Urban transport in Florence is run by an efficient organisation called ATAF. They have a bus station alongside Santa Maria Novella railway station (to the left as you leave your train). This is a good first stop for the tourist, as you can pick up a free bus map at their information kiosk which shows all the bus routes in central Florence, along with a street index and ticket information.
If you are sightseeing in the centre of Florence you are unlikely to use the buses much – most of the tourist sights are within walking distance of each other. However, there will undoubtedly be times when a short bus trip will be a welcome way to rest tired legs, so it’s a good idea to buy a few single tickets on your arrival in Florence. Tickets should be bought before you board a bus, and validated in the machines on board. They can be purchased from bars and news-stands, and from the ATAF kiosk by the railway station.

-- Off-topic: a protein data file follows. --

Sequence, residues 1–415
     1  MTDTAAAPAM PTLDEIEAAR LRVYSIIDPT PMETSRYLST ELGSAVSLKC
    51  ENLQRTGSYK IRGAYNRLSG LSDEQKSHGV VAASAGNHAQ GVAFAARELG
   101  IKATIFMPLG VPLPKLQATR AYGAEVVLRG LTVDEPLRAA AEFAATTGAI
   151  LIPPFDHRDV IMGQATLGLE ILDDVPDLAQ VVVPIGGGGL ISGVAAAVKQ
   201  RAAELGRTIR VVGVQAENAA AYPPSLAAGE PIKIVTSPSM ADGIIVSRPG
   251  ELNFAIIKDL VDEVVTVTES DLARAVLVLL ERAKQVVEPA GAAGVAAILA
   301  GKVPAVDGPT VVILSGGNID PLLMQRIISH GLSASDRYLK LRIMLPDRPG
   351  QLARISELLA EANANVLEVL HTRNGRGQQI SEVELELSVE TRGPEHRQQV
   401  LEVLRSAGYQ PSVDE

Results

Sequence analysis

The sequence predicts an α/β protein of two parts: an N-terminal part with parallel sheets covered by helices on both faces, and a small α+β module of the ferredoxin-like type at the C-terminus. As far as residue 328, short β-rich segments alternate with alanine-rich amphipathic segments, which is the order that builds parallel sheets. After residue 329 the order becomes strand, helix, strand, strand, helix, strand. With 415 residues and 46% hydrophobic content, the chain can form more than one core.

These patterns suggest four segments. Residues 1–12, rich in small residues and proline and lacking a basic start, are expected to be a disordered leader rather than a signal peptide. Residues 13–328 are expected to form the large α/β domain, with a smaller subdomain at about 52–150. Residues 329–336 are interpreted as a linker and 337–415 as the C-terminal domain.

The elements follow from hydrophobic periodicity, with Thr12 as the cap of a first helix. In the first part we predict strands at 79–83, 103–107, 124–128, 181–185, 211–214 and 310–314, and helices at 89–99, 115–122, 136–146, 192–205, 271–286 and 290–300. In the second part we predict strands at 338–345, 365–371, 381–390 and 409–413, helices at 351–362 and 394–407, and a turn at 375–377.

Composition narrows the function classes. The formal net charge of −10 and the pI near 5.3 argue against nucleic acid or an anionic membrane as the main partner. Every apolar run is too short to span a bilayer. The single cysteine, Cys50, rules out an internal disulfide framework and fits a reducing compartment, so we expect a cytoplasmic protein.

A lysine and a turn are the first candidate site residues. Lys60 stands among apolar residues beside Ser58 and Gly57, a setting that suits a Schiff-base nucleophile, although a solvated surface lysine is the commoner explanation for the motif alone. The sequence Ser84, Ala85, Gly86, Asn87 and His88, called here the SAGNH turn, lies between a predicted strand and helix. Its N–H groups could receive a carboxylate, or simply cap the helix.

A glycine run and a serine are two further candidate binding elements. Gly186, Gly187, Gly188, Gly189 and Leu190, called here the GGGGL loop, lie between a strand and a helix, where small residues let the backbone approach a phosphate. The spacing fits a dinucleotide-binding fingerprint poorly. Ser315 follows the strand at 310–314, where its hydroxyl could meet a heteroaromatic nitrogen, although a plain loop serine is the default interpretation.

Armed with the bus map, you will find the system easy to use. Bus stops display numbers and directions of services, and many are equipped with an electronic display to show you when the next services are due.
The narrow medieval streets at the heart of town are too small for normal buses. But a few ‘ecological’ bus lines serve these streets, and although the buses are tiny, they may be useful to tourists. Line A, for example, runs through the lanes south of the Duomo and links them with the railway station.
ATAF buses also run out to suburban areas of Florence, including the small hillside town of Fiesole (bus number 7), which is a popular destination for tourists.
To travel further afield, you will need to use one of the regional bus companies. See our Florence day trips page for more information.
Italian trade unions hold strikes with boring regularity. Those on public transport are usually announced in advance and the timings are negotiated on a town-by-town basis. They generally last four hours and the details should be publicised in newspapers and on the ATAF website. The Italian word for strike is sciopero.
City tours by bus
Bus tours of Florence are a good, though expensive, way to see the town. It’s not a substitute for walking, since you can’t squeeze a double-decker round the little medieval streets, but it is a good way to see the other parts of town. Sitting on the open top deck you’ll get good views and a good idea of Florence’s scale and geography. Buses even run up to Fiesole, for the best views of Florence. [more on Florence tours]
On this site
Useful external links